Alicia Muñoz Sánchez and Stéphanie Gaillard presented at SOLPHE

Spanish Academic coordinator Alicia Muñoz Sánchez and French Academic coordinator Stéphanie Gaillard gave a talk on “The core of language teaching: an approach to effective teacher training” at the Symposium on Language Pedagogy in Higher Education on Saturday October 3rd, 2020. The conference was supposed to take place in Urbana-Champaign, Illinois but was moved online because of COVID-19.

Ivano Caponigro’s new book on Mesoamerican languages

Faculty member Ivano Caponigro has edited the volume Headless Relative Clauses in Mesoamerican languages (Oxford University Press) together with Prof. Harold Torrence (UCLA) and Prof. Roberto Zavala Maldonado (CIESAS, Mexico). The book results from a 4-year project in which a team of 21 scholars from Mexico, USA, Canada, and France investigated the morpho-syntax and semantics of several varieties of headless relative clauses across 15 languages (all from Mesoamerica but one) by adopting the same template, definitions, and data collection methodologies.
Link to the Publisher’s book webpage (with book endorsements)
Link to the project website (with video interviews to each scholar involved in the project)
Link to the book webpage within the project website (with freely available chapters)

NSF award for Eric Baković and Leon Bergen

The National Science Foundation has awarded Eric Baković, Leon Bergen, and CSE’s Nadia Polikarpova a $400K grant to continue their work building a software tool to efficiently learn phonological processes directly from data. There’s a short description on the NSF website here, and there is an even more accessibly-written piece featuring Polikarpova and her many accomplishments, with a focus on this work, here. A conference paper our research team published in 2019 is here.

UCSD Linguistics representation at AMP 2020 this weekend!

Three UCSD phonologists are co-authors on two poster presentations at AMP 2020 this weekend (Sept. 18-20), to be held virtually:

  • Eric Baković & Anna Mai, “Comparing positional licensing patterns in HG and OT” (poster session 1, Friday 9/18)
  • Nina Hagen Kaldhol & Björn Köhnlein, “North Germanic tonal accent is equipollent and metrical: Evidence from compounding” (poster session 3, Sunday 9/20)

Nina Feygl Semushina co-organizes a workshop on Sign Language studies at V-NYI

Graduate student Nina Feygl Semushina organized a virtual workshop on “Sign Language Studies” on July 21-30, together with Masha Esipova (Princeton University), Philippe Schlenker (NYU/CNRS), and Valeria Vinogradova (University of East Anglia). The workshop highlighted different areas of sign language linguistics, such as iconicity, variation, language acquisition, and sign & gesture. On July 28, Nina gave a presentation on “Acquisition of number and language: does the order matter? Age of first language acquisition effects on automatic number processing.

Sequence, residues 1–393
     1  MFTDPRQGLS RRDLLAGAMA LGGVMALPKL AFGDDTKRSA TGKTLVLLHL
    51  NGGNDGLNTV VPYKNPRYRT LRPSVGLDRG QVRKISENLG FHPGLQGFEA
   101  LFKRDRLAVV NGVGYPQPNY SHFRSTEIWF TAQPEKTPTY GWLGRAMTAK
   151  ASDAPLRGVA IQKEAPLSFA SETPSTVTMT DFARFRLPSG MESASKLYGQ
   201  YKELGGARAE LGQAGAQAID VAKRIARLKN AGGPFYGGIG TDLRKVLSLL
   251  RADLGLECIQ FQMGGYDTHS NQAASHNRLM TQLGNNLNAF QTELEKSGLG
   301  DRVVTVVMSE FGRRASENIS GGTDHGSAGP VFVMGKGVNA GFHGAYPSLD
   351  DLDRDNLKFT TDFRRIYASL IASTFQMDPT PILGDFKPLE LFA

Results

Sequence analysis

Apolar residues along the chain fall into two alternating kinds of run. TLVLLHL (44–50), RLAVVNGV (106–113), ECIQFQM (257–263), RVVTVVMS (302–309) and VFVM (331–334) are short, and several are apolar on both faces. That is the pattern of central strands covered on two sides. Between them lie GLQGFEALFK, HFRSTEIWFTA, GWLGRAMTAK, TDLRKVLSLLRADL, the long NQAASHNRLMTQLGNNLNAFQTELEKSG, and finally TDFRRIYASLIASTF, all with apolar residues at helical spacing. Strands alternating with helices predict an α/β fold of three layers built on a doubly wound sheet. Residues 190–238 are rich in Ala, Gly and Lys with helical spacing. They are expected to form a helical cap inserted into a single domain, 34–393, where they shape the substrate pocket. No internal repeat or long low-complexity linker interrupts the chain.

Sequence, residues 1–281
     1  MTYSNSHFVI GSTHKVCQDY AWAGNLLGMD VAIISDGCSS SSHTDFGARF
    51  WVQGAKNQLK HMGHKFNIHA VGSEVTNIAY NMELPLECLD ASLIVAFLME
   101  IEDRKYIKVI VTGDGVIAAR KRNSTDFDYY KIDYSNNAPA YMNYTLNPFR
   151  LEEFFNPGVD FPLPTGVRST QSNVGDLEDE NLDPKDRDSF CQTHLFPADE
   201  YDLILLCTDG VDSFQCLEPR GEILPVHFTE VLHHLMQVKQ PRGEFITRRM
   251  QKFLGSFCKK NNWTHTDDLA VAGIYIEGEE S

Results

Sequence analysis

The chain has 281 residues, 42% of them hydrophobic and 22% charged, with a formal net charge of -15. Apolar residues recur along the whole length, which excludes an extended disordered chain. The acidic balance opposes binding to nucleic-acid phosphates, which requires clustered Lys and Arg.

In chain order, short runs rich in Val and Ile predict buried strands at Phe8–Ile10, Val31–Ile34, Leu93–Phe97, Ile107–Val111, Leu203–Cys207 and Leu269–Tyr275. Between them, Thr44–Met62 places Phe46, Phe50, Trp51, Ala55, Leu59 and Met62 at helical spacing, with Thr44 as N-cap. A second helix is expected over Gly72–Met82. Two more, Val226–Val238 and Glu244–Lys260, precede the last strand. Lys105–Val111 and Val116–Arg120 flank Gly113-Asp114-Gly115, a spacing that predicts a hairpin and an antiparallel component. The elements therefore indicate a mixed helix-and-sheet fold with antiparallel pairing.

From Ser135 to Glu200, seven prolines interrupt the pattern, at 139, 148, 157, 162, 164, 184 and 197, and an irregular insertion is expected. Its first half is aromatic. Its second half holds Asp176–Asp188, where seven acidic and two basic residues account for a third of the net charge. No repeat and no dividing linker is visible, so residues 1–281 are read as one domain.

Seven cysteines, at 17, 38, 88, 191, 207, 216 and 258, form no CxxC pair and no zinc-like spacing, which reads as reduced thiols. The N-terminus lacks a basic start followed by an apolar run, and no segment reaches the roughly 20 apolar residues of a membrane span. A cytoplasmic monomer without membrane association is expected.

The workshop was dedicated to the memory of Tatiana Davidenko, a pioneering Deaf teacher and researcher of Russian Sign Language, who passed away in June 2020.
The workshop was part of the Virtual Summer Institute of Linguistics, Cognition, and Culture (V-NYI), organized by Stony Brook University (NY) and Herzen State Pedagogical University (St. Petersburg, Russia). This year, V-NYI Summer Institute connected 301 students & 55 faculty members from 43 countries.

Matthew Carter, Nina Hagen Kaldhol, and Matt Zaslansky presented at SLE

Ph.D. students Matthew Carter, Nina Hagen Kaldhol and Matt Zaslansky gave talks at the 53rd Annual Meeting of the Societas Linguistica Europaea. The conference was supposed to take place in Bucharest, but was moved online. The organizers did a great job in making a virtual program, including a welcome session with musical performances from all over Europe!

Matthew Carter. “What Licenses Polyfunctionality?: The Case of /b3/ in Ket”. https://osf.io/qhb5u/

Nina Hagen Kaldhol and Sverre Stausland Johnsen. “Grammaticalization in Somali and the shaping of prosodic types”. https://osf.io/945wh/

Matthew Zaslansky. “Persistence and variation in Turkic deponent verbs”. https://osf.io/9g745/

Three new grants for the Language Comprehension Lab

Faculty member Eva Wittenberg, PI of the Language Comprehension Lab, just received both an IBM University Award and a UCSD Innovation Grant for Inclusive Research Excellence, to better understand how the COVID-19 pandemic influences language comprehension throughout society, in an exciting ongoing project with colleagues Rachel OstrandDan Kleinman, and Adam Morgan. Dr. Wittenberg was also awarded a Yankelovich Center Book Manuscript/Grant Proposal Improvement Grant.